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In a "problem of a week" contest in my school, I gave the following problem to students: we assign to each vertex of a cube a number $1$ or $-1$. And we associate to each face the product of the numbers on its vertices. Is it possible to assign numbers to vertices in such a way that the sum of ALL numbers (vertices+faces) is $0$?

It is possible to answer checking all of the $2^8=256$ possibilities but of course many students came up with the solution using an invariant of the configurations: changing one vertex from $1$ to $-1$ (or vice versa) changes the sum of a multiple of $4$ (due to the fact that a cube is a simple polytope of dimension $3$). Since if all numbers are $1$, the sum is $14$, the sum is congruent to $2$ mod $14$, so it cannot be $0$.

My question: Have this kind of "labeled polytopes" been studied before? Maybe with a generalized construction as associating the product of vertex labels to any "intermediate" faces (edges in the case of a polytope). Is the sum, or any polynomial of the vertex labels, a known and useful invariant in the study of abstract polytopes?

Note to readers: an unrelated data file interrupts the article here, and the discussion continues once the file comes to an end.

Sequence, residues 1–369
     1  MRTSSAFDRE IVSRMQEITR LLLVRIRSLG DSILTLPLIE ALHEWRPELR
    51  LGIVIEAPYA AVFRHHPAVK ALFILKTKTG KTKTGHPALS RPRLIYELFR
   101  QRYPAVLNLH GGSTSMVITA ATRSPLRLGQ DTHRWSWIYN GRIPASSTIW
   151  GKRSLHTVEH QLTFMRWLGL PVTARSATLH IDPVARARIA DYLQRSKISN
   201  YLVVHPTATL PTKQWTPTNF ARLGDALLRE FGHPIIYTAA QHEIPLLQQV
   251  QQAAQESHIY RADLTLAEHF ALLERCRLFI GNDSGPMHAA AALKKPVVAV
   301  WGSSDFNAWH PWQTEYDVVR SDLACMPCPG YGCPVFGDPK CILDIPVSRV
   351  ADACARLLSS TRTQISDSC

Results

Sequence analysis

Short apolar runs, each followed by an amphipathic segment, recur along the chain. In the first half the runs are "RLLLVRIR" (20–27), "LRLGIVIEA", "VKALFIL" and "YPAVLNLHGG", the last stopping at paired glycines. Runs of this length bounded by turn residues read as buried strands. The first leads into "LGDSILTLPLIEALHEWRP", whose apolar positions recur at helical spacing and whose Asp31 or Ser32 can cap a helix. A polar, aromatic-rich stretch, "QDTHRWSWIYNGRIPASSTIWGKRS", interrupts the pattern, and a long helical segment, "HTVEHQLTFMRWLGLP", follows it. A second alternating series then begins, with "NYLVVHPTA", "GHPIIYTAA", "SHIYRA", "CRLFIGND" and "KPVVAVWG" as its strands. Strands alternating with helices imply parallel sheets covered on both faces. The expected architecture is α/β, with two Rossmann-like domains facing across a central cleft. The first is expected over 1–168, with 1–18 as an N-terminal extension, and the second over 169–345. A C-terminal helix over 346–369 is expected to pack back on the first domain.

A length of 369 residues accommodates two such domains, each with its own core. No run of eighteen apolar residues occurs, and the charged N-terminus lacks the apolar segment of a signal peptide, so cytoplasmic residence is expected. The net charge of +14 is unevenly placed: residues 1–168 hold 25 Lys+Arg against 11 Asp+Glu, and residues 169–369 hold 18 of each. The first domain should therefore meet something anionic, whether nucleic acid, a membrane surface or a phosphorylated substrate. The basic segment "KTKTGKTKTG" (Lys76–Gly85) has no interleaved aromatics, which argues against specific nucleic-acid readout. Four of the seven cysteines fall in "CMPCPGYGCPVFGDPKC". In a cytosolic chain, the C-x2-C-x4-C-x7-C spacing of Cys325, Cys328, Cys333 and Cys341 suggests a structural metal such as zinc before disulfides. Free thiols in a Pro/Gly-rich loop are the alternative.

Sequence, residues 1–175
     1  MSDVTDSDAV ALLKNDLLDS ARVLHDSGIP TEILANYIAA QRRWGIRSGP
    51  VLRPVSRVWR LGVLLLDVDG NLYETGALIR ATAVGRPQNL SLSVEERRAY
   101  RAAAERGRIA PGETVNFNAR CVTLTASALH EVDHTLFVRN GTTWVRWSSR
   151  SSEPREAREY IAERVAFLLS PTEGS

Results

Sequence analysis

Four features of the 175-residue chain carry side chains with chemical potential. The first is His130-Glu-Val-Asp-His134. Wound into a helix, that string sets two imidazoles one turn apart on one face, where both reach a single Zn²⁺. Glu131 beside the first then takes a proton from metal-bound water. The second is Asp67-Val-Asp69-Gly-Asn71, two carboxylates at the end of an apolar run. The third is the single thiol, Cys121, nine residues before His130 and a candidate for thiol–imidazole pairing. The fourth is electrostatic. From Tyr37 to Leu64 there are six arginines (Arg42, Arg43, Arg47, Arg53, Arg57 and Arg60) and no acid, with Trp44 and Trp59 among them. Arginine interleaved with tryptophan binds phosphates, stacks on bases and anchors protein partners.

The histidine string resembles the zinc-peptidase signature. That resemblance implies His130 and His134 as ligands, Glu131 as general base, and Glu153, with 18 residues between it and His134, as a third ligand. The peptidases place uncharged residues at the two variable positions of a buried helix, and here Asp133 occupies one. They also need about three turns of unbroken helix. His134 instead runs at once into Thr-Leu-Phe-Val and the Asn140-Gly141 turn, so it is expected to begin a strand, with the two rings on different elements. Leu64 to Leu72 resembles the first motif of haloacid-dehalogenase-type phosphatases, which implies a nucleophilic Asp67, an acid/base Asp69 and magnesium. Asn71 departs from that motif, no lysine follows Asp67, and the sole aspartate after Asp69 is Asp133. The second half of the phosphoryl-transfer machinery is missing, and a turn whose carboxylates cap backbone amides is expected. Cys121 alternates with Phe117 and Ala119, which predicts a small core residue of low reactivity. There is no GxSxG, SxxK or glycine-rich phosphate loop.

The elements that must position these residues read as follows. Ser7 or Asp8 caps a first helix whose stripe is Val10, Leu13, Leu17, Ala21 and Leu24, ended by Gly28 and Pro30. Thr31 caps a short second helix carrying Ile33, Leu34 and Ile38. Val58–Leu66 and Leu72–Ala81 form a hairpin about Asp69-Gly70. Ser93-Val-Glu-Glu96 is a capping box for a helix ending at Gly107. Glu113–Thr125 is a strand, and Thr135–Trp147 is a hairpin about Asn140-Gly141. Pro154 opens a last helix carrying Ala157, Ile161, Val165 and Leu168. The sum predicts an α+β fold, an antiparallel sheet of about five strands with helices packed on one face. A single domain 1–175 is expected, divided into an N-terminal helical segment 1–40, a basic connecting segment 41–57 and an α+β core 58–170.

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Maybe Lerman-Tolman's paper Hamiltonian torus action on symplectic orbifolds and toric varieties http://www.ams.org/journals/tran/1997-349-10/S0002-9947-97-01821-7/S0002-9947-97-01821-7.pdf is useful for your question. In that paper, a "labeled polytope" is defined to be a convex rational simple polytope, plus a positive integer attached to each open facet, as a generalization of the Delzant polytope. Lerman-Tolman use labeled polytopes to classify compact symplectic toric (reduced) orbifolds, as a generalization of the beautiful Delzant classification theorem in symplectic geometry.

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